August 26, 2019 (Photo by Allanah Wills)

2019 floods ‘a warning and a wake up call’

The conservation authorities in the Chatham and Windsor areas are asking governments to help them lead a revolution on shoreline management.

The Lower Thames Valley Conservation Authority (LTVCA) and the Essex Region Conservation Authority (ERCA) want Ottawa, Queen’s Park, and municipalities to work with them to develop a strategy to address the impacts of future high water levels, flood and erosion, and climate change on the area.

“Shoreline management needs to evolve from hardening shorelines to natural and nature-based features, and living shorelines, which support coastal risk reduction through a variety of approaches, including non-structural interventions, such as new policies and building codes,” the LTVCA and ERCA said in a joint submission to the province.

They are telling the Provincial Flood Advisor that more needs to be done to restrict development within hazard areas and more provincial funding is required to address flooding and to relocate and rebuild damaged homes. Local conservation officials said the Lake Erie shoreline would be a strong candidate for a pilot project to support and demonstrate alternative approaches to shoreline management.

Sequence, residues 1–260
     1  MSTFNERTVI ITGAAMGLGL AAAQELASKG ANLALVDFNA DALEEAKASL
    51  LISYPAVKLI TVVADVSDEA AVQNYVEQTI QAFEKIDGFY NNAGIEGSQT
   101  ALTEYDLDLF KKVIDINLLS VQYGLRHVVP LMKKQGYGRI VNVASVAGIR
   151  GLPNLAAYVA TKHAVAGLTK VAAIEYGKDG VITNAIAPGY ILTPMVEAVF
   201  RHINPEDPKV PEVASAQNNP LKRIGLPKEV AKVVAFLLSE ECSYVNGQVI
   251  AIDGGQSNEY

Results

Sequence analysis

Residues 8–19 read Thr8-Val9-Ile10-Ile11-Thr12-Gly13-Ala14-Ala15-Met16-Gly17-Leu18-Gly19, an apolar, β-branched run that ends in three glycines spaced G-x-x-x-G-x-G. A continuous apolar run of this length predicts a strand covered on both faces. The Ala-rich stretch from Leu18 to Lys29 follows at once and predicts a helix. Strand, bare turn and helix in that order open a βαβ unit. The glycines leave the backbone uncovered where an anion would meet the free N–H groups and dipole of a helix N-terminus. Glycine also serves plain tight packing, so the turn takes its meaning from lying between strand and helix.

The LTVCA and ERCA said development has gradually happened over the years on top of old and crumbling infrastructure such as septic systems and dikes that no longer meet current standards.

Officials warn that erosion protection is not stopping erosion of the lake bottom in front of homes, which results in a deeper shore slope and allow waves to impact the shoreline.

“This allows larger waves and waves with greater energy to impact the shoreline,” stated the submission. “In the end, the shoreline protection constructed to reduce the hazard is progressively making it worse. Under our current climate, the flood hazards are getting worse with each passing storm.”

The report added that bluff failures have happened this year with at least one home within five feet of the edge of a cliff and it’s expected that will continue.

A Lake Erie Shoreline Study is underway in Chatham-Kent that should be complete in early 2020. Key findings of that study indicate erosion and flooding is expected to increase due to lake levels rising, waves getting stronger, winters getting milder, and year-round erosion and flooding because of no ice on Lake Erie. LTVCA warns 500 buildings and homes across Chatham-Kent with an estimated value of more than $100 million are at risk. ERCA said 400 homes in Essex are within the hazard flood zone between Point Pelee and Wheatley.

“High water levels and floods of 2019 must be viewed as a warning/wake up call. Change is needed — maintaining the status quo in policy and practice cannot continue, stated the LTVCA and ERCA. “Municipalities cannot afford the infrastructure problems our current development approach creates, let alone future costs associated with climate change.”

Lake levels hit record highs this summer and many roads across Chatham-Kent and Windsor-Essex had to close because of significant flooding.